This was going to be a moment of truth.
Yes, I had found us a place to stay for the night and arranged for the morning's suhour. I had managed to find the largest pyramids on the planet. We had negotiated through the Land of the Dead in a carriage. I had been able to carry my sleeping son out of the heat and back into the cool of the hotel.
But like some two-parter "Amazing Race" episode, I had another challenge. I had to find iftar.
Finding food in America is soooooooooo easy. Want something to eat? Any place! Any time!
In Egypt, during Ramadan, everything closes. BAM! the aluminum shutters roll down like so many garage doors and the stores are locked up. If you want food, you had best find it before sunset.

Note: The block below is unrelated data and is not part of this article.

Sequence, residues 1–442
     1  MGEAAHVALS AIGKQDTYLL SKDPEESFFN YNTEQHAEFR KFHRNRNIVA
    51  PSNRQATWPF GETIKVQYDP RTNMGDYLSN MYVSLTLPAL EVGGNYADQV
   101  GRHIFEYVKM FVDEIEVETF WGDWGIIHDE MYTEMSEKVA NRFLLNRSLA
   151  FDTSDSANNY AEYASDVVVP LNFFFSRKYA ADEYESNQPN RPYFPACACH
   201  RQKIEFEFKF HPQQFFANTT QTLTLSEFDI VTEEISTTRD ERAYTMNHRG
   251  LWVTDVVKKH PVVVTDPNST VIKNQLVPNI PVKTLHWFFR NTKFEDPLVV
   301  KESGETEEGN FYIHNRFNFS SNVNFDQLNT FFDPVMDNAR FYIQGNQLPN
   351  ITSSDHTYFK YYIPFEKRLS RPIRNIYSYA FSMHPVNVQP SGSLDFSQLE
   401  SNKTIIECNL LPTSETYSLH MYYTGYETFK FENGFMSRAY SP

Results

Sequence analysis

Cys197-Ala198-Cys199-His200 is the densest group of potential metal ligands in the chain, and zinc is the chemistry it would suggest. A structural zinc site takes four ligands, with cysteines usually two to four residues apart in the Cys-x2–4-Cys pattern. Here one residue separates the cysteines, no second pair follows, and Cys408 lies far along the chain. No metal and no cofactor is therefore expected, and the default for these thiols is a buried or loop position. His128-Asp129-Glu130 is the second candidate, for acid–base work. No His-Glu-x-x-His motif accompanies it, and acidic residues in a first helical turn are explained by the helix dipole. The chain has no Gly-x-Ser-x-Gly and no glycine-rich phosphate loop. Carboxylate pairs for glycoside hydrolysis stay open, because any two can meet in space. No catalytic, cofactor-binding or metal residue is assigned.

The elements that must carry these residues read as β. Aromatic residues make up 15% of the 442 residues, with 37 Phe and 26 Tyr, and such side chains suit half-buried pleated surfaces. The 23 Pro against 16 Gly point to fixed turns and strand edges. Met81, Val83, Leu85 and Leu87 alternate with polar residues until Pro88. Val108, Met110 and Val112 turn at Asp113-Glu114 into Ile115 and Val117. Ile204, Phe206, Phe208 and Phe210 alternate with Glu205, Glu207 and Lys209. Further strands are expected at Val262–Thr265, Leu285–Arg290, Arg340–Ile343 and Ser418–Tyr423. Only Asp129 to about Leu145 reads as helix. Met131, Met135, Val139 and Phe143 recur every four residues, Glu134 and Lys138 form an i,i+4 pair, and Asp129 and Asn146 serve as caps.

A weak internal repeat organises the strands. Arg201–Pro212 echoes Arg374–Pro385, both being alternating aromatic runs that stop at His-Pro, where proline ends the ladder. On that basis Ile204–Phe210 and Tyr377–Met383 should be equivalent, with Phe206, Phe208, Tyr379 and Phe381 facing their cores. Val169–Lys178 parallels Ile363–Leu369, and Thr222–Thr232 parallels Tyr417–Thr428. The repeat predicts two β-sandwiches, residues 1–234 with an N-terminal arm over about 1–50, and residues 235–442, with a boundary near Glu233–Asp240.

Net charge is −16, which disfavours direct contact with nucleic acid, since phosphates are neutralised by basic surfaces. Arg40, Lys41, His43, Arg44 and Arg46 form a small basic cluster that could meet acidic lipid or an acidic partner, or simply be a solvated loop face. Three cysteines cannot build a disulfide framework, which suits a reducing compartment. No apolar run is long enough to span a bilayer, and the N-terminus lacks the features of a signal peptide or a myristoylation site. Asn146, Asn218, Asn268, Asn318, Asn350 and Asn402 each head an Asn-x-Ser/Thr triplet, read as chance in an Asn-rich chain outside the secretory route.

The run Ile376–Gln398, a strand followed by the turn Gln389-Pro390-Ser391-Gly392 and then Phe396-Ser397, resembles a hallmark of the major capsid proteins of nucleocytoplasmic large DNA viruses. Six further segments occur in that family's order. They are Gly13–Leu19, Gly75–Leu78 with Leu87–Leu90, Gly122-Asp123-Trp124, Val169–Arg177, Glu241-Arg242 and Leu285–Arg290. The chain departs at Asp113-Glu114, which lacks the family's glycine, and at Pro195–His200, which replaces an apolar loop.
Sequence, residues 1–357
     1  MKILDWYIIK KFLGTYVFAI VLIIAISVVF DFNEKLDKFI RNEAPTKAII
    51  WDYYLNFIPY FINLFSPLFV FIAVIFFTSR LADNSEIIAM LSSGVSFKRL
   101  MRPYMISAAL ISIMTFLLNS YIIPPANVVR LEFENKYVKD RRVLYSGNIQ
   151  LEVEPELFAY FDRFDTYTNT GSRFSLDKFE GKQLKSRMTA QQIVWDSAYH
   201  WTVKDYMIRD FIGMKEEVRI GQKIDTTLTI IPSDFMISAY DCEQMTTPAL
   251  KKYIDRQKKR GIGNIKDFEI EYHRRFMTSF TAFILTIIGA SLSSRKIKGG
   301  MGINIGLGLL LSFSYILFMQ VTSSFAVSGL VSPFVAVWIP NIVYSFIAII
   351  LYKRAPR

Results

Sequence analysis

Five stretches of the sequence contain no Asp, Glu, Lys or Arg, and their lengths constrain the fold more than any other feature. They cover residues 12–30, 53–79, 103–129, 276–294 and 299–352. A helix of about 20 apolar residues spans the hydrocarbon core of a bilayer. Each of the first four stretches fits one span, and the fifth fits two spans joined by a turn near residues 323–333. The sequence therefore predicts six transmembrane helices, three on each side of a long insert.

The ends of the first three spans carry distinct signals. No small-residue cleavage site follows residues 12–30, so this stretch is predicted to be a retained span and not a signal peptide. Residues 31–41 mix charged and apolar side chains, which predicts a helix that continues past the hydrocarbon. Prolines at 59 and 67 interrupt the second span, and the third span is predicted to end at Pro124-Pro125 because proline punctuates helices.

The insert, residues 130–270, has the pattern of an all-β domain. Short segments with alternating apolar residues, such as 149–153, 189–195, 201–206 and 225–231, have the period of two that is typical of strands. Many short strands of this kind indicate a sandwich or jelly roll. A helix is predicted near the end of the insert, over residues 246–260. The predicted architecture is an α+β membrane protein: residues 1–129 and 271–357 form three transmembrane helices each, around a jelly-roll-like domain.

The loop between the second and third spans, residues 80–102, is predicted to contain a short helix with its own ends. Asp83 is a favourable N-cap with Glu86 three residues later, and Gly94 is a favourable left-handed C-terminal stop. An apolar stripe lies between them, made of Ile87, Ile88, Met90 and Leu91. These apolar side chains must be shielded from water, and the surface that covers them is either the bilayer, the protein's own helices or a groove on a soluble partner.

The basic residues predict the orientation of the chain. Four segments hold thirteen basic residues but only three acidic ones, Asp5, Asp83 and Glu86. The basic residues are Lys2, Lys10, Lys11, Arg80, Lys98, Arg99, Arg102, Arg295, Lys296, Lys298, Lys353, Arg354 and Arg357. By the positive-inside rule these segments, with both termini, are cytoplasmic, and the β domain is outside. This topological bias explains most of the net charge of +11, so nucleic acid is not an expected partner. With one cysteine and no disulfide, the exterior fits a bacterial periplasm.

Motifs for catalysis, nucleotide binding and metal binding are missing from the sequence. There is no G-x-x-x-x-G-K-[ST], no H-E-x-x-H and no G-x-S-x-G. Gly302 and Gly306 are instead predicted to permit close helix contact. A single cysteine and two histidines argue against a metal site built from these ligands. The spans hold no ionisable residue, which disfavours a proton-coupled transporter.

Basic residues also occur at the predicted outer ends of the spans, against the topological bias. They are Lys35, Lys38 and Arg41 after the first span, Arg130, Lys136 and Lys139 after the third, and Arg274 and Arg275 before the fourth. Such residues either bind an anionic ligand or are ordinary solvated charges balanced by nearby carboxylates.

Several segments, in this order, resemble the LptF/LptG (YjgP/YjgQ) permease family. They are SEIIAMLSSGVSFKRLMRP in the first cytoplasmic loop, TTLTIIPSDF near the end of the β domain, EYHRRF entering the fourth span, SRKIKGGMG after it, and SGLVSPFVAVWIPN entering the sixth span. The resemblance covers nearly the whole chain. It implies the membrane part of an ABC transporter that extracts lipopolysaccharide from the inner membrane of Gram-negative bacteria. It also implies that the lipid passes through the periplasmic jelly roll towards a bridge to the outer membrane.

So, even though I was dead tired beyond any fathomable level, I had to stop napping, push myself out of the bed and head back downstairs. I thought to check out the hotel restaurant. That would be easy!
Sure enough, the hotel manager showed me the menu with a special iftar dinner for only...WHAT?! 50 pounds?! Are you freakin' joking? I knew that 50 pounds was a ridiculous amount of cash. Yes, if I stood there and calculated the amount in U.S. dollars, then it was only $10. But, I was determined to keep my spending down and to think of the pounds as stand-alone currency; not in reference to a place I no longer lived.
I walked away. I wasn't going to pay it.
I had felt the inner resolve to walk away. At the same time, I faced the frightening fact that I didn't know where I was going. Where should I go? I had a short time and a big city. Where was the food?
This tourist location had thousands of real people so where were the real shops? No, I didn't want papyrus, T-shirts with camels or King Tut statues. I wanted bananas and grapes. I wanted chicken and bread. Where was it?